Breaking Down How Video Game Consoles Work

Video game consoles are an incredible piece of technology, but how exactly do they work? Here’s a breakdown of how video game consoles work.

Breaking Down How Video Game Consoles Work

If you’ve ever seen inside of a video game console, you know there are hundreds of inner parts that all work together to somehow take a disc or cartridge and present the player with a game. It’s a confusing piece of technology that can seem impossible to understand. Read on to see a breakdown of how video game consoles work.

The Basics

With a video game console, you have a variety of embedded components meant to take the player’s input and directly output them as character actions on the screen. Some parts are:

  • Operating system
  • Storage medium
  • User control interface
  • CPU
  • GPU
  • RAM
  • Video and audio output

All these components work together to take the game’s information, display it on the screen, have the player interact with it directly, and have those actions saved and stored for future use.

The Lasers

Many video game consoles work today by reading video game discs. These discs have tiny bumps that a laser will reflect light off. The console will then convert these reflections into 1s and 0s to read the different digital data from the disc. Similar to how lasers work with barcode scanners, the console interprets changes in reflectivity as data. The console can interpret the changes in reflectivity as data. Then, other parts of the console can take this data and translate it to a game displayed on your screen, and then you can interact with it.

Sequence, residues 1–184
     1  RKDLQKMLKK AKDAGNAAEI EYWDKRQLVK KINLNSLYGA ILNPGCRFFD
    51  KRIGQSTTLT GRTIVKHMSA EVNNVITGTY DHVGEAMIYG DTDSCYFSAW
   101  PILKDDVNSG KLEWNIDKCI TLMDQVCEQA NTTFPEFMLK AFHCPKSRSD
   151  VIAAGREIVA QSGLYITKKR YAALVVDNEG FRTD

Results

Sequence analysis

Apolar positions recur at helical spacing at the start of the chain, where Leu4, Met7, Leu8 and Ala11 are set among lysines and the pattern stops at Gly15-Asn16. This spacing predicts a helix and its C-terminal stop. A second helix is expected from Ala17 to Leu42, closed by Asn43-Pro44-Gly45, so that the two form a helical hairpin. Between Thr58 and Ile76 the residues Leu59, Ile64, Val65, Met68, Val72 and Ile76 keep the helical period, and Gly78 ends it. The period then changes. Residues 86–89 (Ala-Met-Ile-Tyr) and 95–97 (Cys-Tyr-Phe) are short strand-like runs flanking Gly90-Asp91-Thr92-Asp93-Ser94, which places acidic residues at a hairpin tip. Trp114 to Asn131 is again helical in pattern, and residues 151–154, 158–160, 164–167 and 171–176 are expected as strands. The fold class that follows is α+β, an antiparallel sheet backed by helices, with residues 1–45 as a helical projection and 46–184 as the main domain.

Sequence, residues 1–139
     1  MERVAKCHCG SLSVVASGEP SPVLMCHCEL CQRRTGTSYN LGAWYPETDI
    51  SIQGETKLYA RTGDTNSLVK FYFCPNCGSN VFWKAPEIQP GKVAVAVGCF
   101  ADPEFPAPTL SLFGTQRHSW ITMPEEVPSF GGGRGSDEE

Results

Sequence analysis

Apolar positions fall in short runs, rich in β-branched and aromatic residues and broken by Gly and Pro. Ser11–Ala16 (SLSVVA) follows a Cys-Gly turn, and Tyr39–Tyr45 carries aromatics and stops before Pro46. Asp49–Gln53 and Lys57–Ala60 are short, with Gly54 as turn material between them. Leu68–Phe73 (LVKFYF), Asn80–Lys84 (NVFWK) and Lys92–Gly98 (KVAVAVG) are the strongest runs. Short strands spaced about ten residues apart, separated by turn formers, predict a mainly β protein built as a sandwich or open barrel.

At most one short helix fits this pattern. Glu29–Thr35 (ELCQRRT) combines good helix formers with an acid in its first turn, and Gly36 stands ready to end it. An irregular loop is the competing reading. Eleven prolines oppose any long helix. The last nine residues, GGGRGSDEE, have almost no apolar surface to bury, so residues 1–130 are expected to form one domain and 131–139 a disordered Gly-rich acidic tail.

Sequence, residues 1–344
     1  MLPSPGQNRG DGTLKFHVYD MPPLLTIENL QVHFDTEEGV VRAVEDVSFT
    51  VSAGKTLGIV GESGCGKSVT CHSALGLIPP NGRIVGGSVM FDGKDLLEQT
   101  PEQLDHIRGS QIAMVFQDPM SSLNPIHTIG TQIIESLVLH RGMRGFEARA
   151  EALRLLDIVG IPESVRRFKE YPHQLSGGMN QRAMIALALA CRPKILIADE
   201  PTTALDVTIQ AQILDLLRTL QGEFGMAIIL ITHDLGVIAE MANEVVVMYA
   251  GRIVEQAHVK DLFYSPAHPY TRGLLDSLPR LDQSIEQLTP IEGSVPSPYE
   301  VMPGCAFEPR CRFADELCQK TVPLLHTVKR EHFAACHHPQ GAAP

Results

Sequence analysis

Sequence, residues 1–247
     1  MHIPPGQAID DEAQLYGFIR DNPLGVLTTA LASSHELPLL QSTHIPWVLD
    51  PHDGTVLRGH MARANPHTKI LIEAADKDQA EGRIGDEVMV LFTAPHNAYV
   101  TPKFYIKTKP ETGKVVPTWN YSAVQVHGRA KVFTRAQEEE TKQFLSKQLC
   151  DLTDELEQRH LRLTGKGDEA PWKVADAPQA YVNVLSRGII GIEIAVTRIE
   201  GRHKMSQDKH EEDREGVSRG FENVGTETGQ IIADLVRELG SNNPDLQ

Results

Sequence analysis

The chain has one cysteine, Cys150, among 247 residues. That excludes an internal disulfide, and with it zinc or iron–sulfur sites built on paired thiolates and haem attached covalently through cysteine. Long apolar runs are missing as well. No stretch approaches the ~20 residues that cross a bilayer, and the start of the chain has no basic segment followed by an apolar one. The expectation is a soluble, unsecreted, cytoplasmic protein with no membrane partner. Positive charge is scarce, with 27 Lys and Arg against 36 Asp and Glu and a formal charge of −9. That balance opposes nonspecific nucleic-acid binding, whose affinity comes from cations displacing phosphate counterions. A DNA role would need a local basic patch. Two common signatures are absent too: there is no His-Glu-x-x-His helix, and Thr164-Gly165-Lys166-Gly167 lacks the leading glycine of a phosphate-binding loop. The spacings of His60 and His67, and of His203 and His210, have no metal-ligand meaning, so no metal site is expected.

How Does Everything Work Together?

One of the main components of the console is the central processing units (CPUs), as these calculate a lot of the game’s variables and work with the user input. Each game is programmed to operate in a specific logical way unique to that game, and the CPU handles this game logic and how the player moves and interacts with objects, decisions, and characters in that game. Finally, the CPU passes this information to the graphics processing unit (GPU), which visually represents those player choices on-screen.

This GPU works with graphics memory, or video random access memory (VRAM), which stores the video and image data throughout the game, determining how things look. The VRAM system also works with the basic RAM that holds all the game data the CPU uses to calculate different variables and results from the player’s actions.

This breakdown of how video game consoles work will shine a new light on the inner pieces of your consoles, but some components are still hard to understand. This breakdown was rudimentary, but hopefully, after reading this list, you have somewhat of a better understanding of these technological marvels.

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